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REUBEN PETERSON, A. B., M. D.
PROFESSOR OF GYNECOLOGY AND OBSTETRICS IN The University OF MICHIGAN.
CHRISTOPHER GREGG PARNALL, A. B., M. D.
FORMERLY FIRST ASSISTANT IN GYNECOLOGY AND OBSTETRICS IN THE UNIVERSITY OF MICHIGAN.
THE CAUSES OF STERILITY.
WARD (American Journal of Obstetrics, Volume LIV, Number II) comments on the low birth rate of the American born population, and in explanation of the apparently increasing sterility of American women considers a number of factors.
First of all the husband may be impotent, and in a large percentage of cases he is the cause of the condition. This percentage has been estimated at from sixteen to seventy.
Sterility due to functional or organic defects in the woman may be absolute or relative according as to whether conception is impossible or not. Sterility is more common as the social requirements of women are increased. Women are much more apt to become pregnant during the middle period of sexual activity, that is from twenty-five to thirty-seven years of age. Sexual incompatibility is shown to be an occasional course of sterility, as after a sterile marriage divorced couples may reproduce with new partners.
In a study of sterility the essential factors necessary to a conception must be considered: They are: (1) the production of healthy spermatozoa; (2) the production of a healthy ovum; (3) union of the spermatozoon with the ovum; (4) implantation of the fertilized ovum in the uterine mucosa.
With regard to the first factor, except under rare conditions, gonorrhea is the cause of unhealthy spermatozoa in almost every case where the male is at fault.
Sterility, resulting from absence of healthy ova, is met with in cases of nondevelopment of the ovaries, acute and chronic inflammation, long continued congestion, fibrosis, neoplastic formations, constitutional disorders, and other diseases affecting remote organs.
The union of the male and female elements may be prevented through various causes. Malformations, obstructions resulting from stricture, and new growths, displacements, leucorrhea, operative failures, et cetera, would all tend to make it difficult for the spermatozoon to meet and unite with the ovum.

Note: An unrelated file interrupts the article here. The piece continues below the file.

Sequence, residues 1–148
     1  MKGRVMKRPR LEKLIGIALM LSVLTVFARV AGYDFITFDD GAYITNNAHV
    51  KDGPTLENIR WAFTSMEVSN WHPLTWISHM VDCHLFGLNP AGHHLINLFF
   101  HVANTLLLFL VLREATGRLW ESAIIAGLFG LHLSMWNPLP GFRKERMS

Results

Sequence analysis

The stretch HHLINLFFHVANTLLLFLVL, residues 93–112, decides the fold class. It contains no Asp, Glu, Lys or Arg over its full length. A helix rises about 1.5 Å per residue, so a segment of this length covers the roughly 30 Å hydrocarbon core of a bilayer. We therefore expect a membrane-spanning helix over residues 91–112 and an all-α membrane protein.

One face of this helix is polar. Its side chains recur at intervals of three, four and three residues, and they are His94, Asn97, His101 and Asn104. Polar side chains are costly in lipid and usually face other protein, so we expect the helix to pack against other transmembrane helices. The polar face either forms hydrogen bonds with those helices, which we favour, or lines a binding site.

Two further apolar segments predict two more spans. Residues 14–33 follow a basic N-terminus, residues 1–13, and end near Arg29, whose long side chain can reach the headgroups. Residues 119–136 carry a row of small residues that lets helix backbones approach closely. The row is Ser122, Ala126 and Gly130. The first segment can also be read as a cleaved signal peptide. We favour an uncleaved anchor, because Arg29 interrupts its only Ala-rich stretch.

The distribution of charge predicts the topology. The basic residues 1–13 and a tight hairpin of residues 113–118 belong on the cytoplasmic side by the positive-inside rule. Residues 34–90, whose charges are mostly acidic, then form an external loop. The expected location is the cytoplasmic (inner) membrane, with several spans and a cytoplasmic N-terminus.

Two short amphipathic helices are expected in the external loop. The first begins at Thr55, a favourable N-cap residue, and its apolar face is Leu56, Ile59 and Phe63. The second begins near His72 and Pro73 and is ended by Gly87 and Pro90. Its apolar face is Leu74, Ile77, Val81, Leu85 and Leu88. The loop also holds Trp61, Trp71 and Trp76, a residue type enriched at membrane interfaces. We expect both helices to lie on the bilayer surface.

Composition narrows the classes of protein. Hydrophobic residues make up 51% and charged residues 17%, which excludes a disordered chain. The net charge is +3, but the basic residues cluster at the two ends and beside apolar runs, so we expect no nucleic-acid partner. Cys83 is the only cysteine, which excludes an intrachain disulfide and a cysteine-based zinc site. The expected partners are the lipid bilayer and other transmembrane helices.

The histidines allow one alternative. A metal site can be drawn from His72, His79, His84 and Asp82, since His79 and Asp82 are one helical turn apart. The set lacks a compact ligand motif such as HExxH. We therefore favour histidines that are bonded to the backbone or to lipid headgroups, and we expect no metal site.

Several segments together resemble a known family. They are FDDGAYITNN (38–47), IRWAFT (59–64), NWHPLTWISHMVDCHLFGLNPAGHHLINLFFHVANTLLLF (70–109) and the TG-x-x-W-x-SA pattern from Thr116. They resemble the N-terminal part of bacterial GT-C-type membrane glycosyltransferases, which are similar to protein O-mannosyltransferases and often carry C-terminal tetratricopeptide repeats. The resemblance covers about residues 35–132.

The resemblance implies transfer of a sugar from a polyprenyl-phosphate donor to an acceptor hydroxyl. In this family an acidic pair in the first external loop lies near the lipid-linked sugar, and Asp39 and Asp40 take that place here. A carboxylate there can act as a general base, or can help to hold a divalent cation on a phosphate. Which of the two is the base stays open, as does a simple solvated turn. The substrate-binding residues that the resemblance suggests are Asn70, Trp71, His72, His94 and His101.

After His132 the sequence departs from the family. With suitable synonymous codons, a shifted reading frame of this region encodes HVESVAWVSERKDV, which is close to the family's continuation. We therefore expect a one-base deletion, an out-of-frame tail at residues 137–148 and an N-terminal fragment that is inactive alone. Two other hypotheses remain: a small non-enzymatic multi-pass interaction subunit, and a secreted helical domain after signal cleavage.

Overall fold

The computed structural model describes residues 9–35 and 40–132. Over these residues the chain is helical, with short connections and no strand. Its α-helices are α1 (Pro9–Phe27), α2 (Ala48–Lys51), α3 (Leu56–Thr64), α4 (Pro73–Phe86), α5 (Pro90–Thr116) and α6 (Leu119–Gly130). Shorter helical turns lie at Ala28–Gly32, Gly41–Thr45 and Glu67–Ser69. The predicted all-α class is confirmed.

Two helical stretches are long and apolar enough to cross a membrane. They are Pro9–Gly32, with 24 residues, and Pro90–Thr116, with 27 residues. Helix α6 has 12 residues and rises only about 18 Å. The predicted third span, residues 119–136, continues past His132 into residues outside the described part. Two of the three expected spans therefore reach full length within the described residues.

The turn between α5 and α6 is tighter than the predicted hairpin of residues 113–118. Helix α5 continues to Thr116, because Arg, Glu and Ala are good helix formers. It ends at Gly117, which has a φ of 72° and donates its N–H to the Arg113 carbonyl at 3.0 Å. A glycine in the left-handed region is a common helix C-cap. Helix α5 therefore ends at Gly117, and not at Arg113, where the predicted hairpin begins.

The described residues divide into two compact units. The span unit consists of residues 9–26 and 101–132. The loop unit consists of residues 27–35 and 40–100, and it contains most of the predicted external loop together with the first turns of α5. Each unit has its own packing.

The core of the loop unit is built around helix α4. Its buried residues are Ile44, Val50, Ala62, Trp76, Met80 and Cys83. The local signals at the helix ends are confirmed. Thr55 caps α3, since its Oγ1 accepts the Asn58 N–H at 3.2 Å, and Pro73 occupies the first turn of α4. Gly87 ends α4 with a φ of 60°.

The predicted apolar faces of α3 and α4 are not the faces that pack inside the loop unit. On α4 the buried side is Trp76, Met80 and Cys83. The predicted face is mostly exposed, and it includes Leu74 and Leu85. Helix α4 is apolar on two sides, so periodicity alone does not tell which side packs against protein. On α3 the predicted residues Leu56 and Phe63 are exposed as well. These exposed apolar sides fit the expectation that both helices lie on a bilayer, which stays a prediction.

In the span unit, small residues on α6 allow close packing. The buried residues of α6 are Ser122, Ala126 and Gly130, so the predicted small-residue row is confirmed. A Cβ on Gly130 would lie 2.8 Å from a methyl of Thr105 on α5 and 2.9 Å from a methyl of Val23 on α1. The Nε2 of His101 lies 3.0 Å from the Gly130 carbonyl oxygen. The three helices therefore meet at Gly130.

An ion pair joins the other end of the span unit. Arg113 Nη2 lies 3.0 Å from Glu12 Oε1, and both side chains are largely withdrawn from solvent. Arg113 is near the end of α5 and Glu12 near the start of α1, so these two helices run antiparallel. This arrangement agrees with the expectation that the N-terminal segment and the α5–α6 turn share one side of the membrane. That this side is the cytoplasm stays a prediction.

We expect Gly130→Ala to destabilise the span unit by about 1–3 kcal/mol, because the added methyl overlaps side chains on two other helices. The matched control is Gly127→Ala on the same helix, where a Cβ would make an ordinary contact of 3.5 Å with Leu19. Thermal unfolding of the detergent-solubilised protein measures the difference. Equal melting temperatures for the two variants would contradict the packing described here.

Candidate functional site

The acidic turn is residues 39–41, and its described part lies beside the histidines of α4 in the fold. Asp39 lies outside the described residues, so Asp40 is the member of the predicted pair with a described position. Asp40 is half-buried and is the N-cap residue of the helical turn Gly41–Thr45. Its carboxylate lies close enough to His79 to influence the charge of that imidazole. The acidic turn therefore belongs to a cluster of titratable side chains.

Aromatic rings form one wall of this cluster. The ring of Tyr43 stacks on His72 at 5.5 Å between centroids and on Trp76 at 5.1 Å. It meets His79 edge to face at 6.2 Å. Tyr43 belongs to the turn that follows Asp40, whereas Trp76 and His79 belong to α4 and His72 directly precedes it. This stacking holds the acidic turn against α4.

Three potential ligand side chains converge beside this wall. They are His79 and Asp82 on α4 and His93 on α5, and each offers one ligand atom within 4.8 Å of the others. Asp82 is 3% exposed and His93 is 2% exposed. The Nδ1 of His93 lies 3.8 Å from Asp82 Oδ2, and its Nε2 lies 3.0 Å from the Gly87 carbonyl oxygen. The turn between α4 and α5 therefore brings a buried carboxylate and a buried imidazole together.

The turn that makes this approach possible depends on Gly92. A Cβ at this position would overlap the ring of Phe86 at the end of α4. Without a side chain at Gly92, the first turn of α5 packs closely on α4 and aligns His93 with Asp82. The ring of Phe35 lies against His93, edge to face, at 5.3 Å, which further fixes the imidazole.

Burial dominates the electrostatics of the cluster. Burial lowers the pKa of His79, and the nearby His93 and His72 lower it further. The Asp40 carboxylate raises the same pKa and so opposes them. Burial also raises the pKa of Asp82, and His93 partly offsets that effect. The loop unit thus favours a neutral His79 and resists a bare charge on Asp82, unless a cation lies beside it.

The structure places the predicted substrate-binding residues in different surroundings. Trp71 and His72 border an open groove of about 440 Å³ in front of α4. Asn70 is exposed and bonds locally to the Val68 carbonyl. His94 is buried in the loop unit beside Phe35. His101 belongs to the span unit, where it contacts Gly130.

Concerning the fourth factor, the implantation of the ovum, a large number of cases of sterility are probably due to a failure of this process. Endometritis whether due to infection or passive congestion
prevents the proper lodgement and nutrition of the fertilized ovum. Sterility accompanying fibroid tumors is probably due to the associated change in the endometrium.
The writer believes that the majority of cases of sterility are due to mechanical obstruction resulting from adnexal inflammation, and a large proportion of the remaining cases he attributes to disease of the endometrium. Gonorrhea, being the most common cause of tubal, ovarian, and endometrial inflammation, is consequently the most important factor in the causation of sterility.
C. G. P.
ARTHUR DAVID HOLMES, C. M., M. D.
ACUTE ENCEPHALITIS AND POLIOMYELITIS IN CHILDREN AND CEREBRAL AND SPINAL INFANTILE
LEONARD GUTHRIE says (Clinical Journal, July 5, 1905) it is now recognized that acute encephalitis and anterior poliomyelitis are one and the same disease. In the former the affection is of the brain; in the latter it is of the spinal cord. So we may speak of cerebral and spinal infantile paralyses. Sufficient postmortem evidence has been obtained to establish the pathologic identity of the two affections.
In infantile spinal paralysis the morbid anatomy shows acute congestion, thrombosis of the small vessels, cell exudation, and small hemorrhages into the gray matter of the anterior horns supplied by the anterior spinal arteries. This leads to softening and necrosis of the areas involved, owing to the cutting off of the blood supply. In time the necrotic products become absorbed, contraction and cicatrization occur, with atrophy or destruction of the ganglionic cells. Doctor F. E. Batten has discovered precisely similar initial changes in the subcortical area of the brain in one case of fatal and acute hemiplegia in a child; and in another, in which paralysis of the seventh nerve with death from respiratory failure occurred, he found in the medulla congestion, and perivascular exudation, with destruction of the facial nucleus.